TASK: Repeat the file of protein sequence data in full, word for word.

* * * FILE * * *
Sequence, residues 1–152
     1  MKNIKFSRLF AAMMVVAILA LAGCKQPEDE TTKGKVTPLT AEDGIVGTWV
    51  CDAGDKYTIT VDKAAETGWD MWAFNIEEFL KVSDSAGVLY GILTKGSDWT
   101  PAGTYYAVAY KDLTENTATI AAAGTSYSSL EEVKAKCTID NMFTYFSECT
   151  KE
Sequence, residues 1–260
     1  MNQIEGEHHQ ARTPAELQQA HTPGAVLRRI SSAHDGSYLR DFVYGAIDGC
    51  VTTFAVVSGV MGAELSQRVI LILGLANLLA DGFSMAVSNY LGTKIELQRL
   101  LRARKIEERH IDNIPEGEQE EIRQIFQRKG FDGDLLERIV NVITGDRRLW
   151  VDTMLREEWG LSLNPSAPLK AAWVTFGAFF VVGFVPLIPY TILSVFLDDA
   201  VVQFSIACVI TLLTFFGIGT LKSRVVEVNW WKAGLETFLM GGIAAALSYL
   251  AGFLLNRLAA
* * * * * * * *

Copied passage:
Sequence, residues 1–152
     1  MKNIKFSRLF AAMMVVAILA LAGCKQPEDE TTKGKVTPLT AEDGIVGTWV
    51  CDAGDKYTIT VDKAAETGWD MWAFNIEEFL KVSDSAGVLY GILTKGSDWT
   101  PAGTYYAVAY KDLTENTATI AAAGTSYSSL EEVKAKCTID NMFTYFSECT
   151  KE
Sequence, residues 1–260
     1  MNQIEGEHHQ ARTPAELQQA HTPGAVLRRI SSAHDGSYLR DFVYGAIDGC
    51  VTTFAVVSGV MGAELSQRVI LILGLANLLA DGFSMAVSNY LGTKIELQRL
   101  LRARKIEERH IDNIPEGEQE EIRQIFQRKG FDGDLLERIV NVITGDRRLW
   151  VDTMLREEWG LSLNPSAPLK AAWVTFGAFF VVGFVPLIPY TILSVFLDDA
   201  VVQFSIACVI TLLTFFGIGT LKSRVVEVNW WKAGLETFLM GGIAAALSYL
   251  AGFLLNRLAA